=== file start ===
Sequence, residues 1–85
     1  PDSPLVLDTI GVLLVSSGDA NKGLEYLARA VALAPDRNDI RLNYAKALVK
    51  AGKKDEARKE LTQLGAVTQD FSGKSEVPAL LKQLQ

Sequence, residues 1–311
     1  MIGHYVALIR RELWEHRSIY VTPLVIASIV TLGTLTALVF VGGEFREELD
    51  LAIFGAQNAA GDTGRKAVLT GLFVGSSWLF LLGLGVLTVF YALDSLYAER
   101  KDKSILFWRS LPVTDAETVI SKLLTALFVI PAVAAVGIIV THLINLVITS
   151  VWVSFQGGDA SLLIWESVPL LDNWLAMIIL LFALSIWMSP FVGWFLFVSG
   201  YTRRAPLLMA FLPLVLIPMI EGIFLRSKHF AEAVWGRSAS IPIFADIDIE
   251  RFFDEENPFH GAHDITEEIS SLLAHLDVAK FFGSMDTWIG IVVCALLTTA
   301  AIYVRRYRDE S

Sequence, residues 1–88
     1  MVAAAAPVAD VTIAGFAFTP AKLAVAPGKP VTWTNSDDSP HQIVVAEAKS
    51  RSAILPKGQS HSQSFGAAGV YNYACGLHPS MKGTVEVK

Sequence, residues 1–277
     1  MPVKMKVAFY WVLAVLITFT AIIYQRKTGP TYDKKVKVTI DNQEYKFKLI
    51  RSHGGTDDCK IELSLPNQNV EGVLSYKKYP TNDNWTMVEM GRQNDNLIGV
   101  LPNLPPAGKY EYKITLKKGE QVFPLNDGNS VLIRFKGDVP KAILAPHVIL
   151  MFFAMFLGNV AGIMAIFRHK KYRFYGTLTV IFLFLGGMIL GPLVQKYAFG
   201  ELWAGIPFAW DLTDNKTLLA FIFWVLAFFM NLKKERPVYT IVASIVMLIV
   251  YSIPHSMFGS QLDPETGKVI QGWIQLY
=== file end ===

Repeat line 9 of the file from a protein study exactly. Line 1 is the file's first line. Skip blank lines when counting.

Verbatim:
   201  YTRRAPLLMA FLPLVLIPMI EGIFLRSKHF AEAVWGRSAS IPIFADIDIE